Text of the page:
Who benefits? An investigation of foreign ownership in the oil sands

A new investigative report shows revenues from the oil sands are far more likely to line the pockets of foreign investors instead of Canadians, with more than 70 per cent of oil sands production owned by investors and shareholders outside the country’s borders.
Oil sands in Alberta, Canada

Findings reveal that more than 70 per cent of oil sands production is owned by investors and shareholders outside Canada’s borders. The report, released by Stand.earth, Environmental Defence and Équiterre reveals that foreign companies and shareholders are benefiting from huge dividends from the oil sands, while Canadians pay higher and subsidies to keep the industry afloat. Rising profit rates for the Big Five oil sands companies—Suncor, CNRL, Cenovus, Imperial Oil and Husky Energy— allowed them to transfer $8 billion to their mostly foreign shareholders in just the first three quarters of 2019. Furthermore, foreign-controlled operational profit doubled from 31.6 to 58.4 per cent between 2012 and 2016, 3.5 times the economy-wide average.

Reclamation of the oil sands, conventional oil and gas wells, and pipelines in Alberta will cost an estimated $260 billion and take as many as 3000 years to complete. Past experience and growing market risks make it increasing likely that future taxpayers will have to foot the bill.

A recent poll indicates that the vast majority of Albertans agree that there is a better way forward. Almost 80% of Albertans believe the province should transition toward renewable energy, and more than 90% think the government needs to do more to encourage the technology sector. Perhaps most surprising, a majority want to transition away from oil and gas.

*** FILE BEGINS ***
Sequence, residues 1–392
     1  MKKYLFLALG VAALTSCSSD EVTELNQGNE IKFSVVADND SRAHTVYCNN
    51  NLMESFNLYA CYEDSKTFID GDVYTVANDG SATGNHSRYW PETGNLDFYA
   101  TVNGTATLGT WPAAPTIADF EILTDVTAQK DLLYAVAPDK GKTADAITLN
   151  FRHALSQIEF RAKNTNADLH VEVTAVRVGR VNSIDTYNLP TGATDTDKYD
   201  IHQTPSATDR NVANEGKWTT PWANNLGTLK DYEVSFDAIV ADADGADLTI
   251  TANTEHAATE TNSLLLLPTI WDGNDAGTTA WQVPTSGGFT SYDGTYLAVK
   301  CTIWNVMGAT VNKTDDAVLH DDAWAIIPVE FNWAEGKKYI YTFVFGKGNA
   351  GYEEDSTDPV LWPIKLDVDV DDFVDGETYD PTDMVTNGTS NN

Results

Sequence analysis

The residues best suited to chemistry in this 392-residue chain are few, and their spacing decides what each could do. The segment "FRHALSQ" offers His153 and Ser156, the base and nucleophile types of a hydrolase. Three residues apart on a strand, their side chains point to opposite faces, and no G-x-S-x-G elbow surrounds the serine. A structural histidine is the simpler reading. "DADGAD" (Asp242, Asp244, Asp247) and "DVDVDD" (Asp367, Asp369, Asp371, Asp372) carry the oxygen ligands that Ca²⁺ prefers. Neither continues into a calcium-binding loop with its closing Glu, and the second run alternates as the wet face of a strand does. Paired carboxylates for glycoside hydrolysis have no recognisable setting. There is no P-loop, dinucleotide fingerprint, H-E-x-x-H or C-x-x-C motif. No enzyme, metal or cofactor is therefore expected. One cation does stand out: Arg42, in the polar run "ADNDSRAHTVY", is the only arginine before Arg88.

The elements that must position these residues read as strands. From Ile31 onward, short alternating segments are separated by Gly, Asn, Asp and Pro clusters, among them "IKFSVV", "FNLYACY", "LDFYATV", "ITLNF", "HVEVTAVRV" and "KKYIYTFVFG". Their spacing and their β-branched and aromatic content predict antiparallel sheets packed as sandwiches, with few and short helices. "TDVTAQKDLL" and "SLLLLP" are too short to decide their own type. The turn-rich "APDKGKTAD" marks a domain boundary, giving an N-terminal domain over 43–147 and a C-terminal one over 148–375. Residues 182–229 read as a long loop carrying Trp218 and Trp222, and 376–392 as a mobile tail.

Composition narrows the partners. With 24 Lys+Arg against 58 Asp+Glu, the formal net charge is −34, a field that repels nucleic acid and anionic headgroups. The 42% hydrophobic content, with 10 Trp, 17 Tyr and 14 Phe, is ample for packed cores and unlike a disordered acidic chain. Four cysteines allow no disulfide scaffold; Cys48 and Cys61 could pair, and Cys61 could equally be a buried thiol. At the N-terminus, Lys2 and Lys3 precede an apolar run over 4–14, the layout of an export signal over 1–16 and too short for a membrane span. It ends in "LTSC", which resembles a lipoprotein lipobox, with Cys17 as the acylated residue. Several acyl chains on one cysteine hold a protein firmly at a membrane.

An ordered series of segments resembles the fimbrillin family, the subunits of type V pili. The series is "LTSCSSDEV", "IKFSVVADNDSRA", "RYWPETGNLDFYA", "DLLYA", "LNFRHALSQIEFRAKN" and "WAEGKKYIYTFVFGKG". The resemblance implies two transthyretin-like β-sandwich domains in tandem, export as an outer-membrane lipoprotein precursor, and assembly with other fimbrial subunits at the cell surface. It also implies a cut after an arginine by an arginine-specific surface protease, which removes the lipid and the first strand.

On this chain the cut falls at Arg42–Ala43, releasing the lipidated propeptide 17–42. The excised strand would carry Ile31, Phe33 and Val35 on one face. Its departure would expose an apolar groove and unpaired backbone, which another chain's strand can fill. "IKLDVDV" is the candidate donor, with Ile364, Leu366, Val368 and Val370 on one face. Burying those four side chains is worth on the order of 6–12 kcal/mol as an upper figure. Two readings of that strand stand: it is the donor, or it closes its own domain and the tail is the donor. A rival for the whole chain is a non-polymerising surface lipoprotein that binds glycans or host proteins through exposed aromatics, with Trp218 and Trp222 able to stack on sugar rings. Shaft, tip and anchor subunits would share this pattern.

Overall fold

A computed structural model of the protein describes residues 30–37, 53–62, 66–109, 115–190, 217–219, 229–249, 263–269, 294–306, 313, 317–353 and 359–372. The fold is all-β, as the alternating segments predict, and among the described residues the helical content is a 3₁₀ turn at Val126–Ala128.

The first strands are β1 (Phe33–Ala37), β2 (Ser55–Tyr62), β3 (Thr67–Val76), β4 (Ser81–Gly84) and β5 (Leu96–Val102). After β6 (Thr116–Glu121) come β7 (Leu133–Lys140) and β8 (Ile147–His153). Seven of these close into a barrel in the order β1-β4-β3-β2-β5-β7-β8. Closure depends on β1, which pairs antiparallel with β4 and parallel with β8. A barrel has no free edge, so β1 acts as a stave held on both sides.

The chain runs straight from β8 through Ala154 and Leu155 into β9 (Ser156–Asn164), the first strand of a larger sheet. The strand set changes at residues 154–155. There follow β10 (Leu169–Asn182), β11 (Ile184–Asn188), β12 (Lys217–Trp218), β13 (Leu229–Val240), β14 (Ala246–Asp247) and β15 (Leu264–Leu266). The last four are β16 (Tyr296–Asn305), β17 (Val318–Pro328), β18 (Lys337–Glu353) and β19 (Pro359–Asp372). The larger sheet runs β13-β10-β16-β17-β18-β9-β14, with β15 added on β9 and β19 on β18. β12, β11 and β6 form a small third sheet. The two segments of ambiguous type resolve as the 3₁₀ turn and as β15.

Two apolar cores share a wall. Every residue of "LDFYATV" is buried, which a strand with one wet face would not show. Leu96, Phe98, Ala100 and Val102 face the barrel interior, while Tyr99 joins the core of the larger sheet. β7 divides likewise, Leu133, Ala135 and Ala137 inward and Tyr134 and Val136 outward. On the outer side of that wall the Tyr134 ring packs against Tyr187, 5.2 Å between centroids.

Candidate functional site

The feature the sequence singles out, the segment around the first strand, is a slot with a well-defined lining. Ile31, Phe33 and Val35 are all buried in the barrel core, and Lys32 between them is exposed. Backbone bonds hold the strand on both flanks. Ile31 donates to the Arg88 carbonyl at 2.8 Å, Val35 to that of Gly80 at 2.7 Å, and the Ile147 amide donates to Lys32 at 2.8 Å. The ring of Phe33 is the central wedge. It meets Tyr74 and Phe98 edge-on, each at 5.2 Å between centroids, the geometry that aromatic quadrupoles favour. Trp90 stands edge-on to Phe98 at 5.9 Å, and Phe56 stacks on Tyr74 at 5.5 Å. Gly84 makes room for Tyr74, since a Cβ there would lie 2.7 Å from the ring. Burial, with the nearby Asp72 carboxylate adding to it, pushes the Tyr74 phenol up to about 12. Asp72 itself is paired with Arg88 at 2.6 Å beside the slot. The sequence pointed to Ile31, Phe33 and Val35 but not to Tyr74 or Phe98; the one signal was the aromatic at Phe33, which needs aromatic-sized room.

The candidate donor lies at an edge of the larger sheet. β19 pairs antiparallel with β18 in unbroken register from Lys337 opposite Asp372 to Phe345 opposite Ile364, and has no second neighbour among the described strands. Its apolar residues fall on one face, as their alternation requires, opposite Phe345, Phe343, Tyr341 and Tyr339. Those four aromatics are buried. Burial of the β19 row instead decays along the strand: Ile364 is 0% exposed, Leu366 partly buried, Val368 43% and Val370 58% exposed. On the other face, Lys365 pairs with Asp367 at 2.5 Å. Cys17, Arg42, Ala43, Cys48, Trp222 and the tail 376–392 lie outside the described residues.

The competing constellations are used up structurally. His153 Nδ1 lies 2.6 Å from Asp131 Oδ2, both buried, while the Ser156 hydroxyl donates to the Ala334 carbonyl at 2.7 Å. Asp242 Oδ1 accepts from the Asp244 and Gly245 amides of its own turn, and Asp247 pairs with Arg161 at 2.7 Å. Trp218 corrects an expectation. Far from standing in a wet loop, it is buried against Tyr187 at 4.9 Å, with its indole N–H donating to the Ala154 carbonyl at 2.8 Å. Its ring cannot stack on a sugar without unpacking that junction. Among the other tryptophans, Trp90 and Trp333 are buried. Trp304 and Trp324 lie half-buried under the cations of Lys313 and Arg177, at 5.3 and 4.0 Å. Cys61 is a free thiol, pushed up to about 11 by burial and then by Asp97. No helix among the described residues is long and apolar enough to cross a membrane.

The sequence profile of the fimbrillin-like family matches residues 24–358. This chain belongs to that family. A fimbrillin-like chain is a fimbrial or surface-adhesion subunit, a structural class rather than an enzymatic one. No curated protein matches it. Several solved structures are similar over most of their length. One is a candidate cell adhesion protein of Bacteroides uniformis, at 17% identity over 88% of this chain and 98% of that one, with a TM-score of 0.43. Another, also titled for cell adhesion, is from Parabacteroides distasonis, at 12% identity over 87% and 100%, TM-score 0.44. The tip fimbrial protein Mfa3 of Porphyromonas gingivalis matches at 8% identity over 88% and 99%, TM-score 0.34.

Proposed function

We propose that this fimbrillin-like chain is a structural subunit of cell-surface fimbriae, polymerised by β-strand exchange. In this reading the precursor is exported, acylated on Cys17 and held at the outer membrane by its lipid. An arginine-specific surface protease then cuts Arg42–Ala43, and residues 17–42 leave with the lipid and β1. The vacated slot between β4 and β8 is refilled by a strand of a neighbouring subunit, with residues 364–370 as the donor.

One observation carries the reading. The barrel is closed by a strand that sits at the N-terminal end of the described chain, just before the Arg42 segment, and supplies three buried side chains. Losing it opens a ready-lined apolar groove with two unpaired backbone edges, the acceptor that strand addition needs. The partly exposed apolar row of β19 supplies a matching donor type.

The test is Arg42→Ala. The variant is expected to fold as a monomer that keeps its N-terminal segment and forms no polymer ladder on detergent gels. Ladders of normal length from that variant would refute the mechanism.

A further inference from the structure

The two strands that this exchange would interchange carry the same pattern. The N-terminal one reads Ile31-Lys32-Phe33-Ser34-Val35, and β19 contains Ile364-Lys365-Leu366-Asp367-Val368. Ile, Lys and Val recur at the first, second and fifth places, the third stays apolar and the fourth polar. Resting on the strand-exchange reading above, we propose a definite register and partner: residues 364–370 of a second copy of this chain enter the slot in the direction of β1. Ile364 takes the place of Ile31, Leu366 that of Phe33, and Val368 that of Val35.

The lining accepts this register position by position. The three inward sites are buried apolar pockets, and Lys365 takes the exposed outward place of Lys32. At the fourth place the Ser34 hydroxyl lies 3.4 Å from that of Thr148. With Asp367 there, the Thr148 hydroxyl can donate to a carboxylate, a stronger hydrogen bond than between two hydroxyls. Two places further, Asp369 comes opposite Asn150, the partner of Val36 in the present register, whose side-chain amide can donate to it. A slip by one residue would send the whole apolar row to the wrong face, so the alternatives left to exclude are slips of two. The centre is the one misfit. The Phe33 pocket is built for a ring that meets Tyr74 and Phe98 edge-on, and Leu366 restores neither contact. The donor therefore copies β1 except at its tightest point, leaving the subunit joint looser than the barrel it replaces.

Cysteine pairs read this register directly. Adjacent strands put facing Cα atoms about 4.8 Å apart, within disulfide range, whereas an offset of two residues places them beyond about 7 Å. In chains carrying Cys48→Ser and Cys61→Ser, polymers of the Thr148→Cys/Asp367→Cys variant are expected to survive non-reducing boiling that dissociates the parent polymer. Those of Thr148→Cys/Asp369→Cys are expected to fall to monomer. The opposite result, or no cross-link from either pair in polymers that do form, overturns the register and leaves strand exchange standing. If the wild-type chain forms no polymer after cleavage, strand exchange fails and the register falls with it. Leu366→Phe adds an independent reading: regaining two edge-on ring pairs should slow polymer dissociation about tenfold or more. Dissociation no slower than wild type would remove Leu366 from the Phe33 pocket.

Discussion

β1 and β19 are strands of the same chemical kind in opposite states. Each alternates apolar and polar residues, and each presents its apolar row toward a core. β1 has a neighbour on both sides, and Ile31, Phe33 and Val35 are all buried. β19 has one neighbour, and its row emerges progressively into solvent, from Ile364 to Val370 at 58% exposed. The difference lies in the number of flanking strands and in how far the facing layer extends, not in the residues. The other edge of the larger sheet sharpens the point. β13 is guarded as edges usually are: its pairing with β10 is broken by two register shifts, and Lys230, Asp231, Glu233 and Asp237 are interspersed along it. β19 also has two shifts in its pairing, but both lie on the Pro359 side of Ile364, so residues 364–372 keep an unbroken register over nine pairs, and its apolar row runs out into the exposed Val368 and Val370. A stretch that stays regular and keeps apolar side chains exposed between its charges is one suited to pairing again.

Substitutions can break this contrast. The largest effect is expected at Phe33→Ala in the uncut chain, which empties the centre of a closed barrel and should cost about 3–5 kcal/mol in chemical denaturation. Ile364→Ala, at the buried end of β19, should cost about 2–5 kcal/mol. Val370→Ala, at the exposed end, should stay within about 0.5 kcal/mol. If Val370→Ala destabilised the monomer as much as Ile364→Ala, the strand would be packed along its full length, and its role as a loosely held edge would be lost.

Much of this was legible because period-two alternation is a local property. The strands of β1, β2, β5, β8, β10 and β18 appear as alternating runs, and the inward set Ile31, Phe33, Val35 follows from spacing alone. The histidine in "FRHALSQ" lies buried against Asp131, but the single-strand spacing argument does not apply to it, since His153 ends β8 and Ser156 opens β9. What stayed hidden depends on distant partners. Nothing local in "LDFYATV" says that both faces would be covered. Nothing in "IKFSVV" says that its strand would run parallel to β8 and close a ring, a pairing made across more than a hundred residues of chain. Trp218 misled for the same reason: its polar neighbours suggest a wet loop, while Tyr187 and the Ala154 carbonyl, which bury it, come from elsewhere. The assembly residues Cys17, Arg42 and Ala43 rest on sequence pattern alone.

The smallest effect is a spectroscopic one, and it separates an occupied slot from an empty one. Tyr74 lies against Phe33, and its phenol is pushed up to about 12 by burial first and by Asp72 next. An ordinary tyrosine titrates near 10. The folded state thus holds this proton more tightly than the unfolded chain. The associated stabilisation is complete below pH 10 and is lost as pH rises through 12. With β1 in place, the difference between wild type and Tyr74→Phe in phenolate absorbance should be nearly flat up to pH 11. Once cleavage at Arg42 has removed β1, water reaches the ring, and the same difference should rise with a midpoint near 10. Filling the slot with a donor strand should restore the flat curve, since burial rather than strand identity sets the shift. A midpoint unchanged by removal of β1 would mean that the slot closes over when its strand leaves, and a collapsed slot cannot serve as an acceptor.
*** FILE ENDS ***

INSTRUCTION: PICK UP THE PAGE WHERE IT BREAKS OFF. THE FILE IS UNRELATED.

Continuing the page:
It’s time to stop prioritizing the profits of foreign-owned corporations and the interests of their shareholders ahead of the long-term health of Alberta’s and Canada’s workforce, environment and economy. While we need to acknowledge and address the tragic consequences of the COVID-19 pandemic, it’s also clear that the unprecedented public investment needed to rebuild the Canadian and Alberta economies is a once-in-a-generation opportunity to position Canada to compete and prosper in the twenty-first century economy.

Government policy, including stimulus money and industry bailouts, should invest in the future, not the past. This includes supporting unemployed oil and gas and other Canadian workers and investing in a diversified, cleanenergy economy that will provide employment opportunities and public services in the long-term. Canada cannot achieve net-zero by 2050 while supporting increased production of oil and gas. Future stimulus must continue to support industries and projects that decrease greenhouse gas emissions, increase economic diversification and provide workers with retraining opportunities.